When most people think of Australia, they think of kangaroos and the dry, flat expanse of the Outback. But this was not always so. Fossil records show forests once covered the Red Centre, but now only a fraction of these forests remain - Australia’s World Heritage listed Wet Tropics.
The rainforests of the Wet Tropics, regarded by world authorities as a living museum of flora and fauna, were World Heritage listed in 1988. The Wet Tropics covers an area of nearly 900,000 hectares of rainforest and tropical vegetation, stretching for more than 400 kilometres from just north of Townsville to just south of Cooktown. Here, pockets of primitive plants have remained undisturbed for millions of years, and rare, even previously unidentified species of birds, insects and mammals have emerged to delight biologists and nature lovers.
Bushwalking along well maintained trails, camping overnight (with permits), Aboriginal & Torres Strait Islander interpretive heritage tours, ranger-guided walks, all terrain vehicle tours with commentary by qualified biologists are some of the ways to experience the rainforests of the Tropical North. Step into the cool shade of the Wet Tropics rainforest and take a walk back in time through some of the oldest jungles on earth.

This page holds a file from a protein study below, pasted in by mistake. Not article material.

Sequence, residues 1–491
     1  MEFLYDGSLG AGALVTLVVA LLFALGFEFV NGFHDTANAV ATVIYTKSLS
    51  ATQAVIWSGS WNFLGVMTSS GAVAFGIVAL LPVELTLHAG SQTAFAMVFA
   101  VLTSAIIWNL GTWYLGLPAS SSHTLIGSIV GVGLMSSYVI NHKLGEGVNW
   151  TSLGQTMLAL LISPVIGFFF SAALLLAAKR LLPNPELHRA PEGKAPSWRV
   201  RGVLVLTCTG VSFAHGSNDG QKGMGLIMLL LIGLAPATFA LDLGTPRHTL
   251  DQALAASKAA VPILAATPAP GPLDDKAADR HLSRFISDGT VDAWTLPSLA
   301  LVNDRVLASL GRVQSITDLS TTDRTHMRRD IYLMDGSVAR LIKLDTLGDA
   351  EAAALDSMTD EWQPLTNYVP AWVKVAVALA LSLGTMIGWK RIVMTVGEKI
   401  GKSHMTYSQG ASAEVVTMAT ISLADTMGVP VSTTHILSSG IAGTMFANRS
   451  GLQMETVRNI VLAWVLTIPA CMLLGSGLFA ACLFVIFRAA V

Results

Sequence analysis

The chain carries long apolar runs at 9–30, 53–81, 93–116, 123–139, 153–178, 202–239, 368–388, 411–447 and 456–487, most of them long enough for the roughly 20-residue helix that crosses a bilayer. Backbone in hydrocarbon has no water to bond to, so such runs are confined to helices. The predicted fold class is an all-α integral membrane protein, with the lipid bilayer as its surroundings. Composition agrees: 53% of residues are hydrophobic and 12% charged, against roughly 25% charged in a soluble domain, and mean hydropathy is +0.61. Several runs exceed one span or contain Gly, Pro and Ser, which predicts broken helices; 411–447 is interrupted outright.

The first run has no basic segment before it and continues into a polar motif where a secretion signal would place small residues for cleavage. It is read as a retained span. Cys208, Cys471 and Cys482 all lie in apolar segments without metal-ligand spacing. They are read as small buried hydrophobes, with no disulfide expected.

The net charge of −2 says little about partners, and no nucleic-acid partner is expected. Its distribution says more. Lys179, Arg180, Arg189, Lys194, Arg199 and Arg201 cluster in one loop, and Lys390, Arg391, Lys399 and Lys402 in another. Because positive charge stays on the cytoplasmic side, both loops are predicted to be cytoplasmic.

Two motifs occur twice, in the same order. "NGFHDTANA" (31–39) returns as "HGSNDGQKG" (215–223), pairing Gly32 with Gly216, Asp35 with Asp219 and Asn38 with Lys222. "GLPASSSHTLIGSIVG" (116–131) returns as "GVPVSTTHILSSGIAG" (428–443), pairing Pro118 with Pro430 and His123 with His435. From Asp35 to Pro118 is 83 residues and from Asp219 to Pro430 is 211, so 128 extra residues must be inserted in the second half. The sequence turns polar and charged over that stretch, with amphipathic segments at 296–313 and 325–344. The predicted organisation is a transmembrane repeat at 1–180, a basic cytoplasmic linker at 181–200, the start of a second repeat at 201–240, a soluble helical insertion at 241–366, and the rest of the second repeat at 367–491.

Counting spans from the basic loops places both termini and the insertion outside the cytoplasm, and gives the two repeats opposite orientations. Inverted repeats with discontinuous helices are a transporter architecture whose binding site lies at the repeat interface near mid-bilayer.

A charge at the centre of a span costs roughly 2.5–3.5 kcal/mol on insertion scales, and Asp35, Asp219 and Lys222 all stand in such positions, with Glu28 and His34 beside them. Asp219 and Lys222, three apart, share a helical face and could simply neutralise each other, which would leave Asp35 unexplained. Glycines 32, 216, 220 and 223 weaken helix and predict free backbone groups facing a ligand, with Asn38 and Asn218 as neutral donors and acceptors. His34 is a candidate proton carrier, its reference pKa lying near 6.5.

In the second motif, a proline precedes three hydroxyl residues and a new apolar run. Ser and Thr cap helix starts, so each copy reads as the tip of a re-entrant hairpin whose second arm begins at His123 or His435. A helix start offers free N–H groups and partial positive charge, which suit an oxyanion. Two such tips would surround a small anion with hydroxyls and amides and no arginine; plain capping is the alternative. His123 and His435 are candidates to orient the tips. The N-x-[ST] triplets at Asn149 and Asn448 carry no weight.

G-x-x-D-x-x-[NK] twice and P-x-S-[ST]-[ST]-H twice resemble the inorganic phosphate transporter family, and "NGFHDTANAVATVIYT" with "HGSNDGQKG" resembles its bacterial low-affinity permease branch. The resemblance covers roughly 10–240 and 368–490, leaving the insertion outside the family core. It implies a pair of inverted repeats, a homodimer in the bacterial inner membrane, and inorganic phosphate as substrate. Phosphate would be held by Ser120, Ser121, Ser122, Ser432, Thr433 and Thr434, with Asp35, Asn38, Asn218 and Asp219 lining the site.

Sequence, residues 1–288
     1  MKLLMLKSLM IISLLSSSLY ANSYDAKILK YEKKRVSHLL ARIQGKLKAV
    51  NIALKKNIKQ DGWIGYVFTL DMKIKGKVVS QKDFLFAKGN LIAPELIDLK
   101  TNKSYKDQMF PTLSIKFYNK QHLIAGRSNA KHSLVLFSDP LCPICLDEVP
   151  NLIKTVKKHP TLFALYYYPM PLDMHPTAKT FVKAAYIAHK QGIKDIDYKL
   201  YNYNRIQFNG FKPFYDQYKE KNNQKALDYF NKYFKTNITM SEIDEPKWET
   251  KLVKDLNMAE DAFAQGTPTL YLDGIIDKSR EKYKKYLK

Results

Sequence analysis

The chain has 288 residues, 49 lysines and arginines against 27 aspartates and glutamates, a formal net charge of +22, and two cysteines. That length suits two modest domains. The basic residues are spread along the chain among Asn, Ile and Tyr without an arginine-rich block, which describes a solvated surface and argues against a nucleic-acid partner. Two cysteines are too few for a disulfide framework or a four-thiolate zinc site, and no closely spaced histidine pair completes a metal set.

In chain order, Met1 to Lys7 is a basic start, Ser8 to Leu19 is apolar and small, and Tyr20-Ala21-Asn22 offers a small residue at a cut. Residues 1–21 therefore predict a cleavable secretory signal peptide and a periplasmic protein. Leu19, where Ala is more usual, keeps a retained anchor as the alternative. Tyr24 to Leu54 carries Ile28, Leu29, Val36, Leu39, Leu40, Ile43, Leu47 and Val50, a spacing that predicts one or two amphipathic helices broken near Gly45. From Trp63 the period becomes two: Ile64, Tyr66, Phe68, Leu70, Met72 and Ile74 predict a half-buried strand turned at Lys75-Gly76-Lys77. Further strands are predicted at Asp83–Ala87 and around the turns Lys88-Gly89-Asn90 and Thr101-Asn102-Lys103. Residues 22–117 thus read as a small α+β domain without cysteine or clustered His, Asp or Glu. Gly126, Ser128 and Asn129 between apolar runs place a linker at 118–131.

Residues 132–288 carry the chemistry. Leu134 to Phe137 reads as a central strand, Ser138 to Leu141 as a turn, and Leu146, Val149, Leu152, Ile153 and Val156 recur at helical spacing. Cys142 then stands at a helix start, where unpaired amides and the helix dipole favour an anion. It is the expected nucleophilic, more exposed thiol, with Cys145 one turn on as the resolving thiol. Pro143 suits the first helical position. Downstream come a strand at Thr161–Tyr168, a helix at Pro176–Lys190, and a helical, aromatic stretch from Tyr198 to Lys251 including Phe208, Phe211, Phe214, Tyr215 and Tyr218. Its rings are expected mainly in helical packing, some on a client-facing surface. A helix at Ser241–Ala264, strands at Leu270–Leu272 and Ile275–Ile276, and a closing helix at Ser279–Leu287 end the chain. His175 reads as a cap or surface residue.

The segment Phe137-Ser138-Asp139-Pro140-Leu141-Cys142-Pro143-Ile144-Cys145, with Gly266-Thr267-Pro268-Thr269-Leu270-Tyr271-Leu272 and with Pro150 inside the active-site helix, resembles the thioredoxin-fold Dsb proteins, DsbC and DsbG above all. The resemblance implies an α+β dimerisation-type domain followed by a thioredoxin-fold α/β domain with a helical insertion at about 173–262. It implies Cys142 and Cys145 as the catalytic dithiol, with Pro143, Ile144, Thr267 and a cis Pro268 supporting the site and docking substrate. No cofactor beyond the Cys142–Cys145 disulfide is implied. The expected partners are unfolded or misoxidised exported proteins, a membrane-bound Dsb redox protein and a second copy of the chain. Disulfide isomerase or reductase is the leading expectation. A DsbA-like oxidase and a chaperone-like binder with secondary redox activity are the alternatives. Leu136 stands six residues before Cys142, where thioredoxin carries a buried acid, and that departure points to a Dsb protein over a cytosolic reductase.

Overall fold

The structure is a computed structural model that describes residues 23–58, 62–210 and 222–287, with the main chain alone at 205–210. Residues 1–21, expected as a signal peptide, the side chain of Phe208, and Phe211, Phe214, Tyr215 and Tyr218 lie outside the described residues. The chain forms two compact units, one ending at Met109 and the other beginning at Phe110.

Entering the rainforest, the temperature drops a couple of degrees and the light becomes soft and dappled under the thick green canopy of branches and leaves. Layers of twisting vines, palms and orchids wrap around tree buttresses, and the forest floor smells of growth and moist decay.
A small, furry, chocolate brown animal about the size of a rabbit searches for fallen fruits beside a rainforest stream. It’s a Musky Rat-kangaroo, the smallest and most primitive kangaroo. It scampers between king ferns, direct descendants of ferns which grew 200 million years ago. Their six metre fronds dwarf other plants along the creek, including the delicate Bowenia cycad, another living relic from the past, predating flowering plants by 100 million years.
These rainforests also harbour the greatest diversity of primitive flowering plants found anywhere else on earth. Once flowering plants evolved they quickly dispersed across the planet with help from animals which were attracted by their nectar, pollen and fruit.
Striding through the rainforest is the greatest rainforest gardener, the cassowary. These giant flightless birds help to spread over 100 different rainforest seeds, some of them too toxic for other animals to eat. But with only about 1200 adult cassowaries left, the survival of each individual bird is critical for the future of the rainforest. Their greatest threat is loss of habitat, an escalating problem that began when the region was settled over 100 years ago.
For more information contact the Wet Tropics Management Authority at www.wettropics.gov.au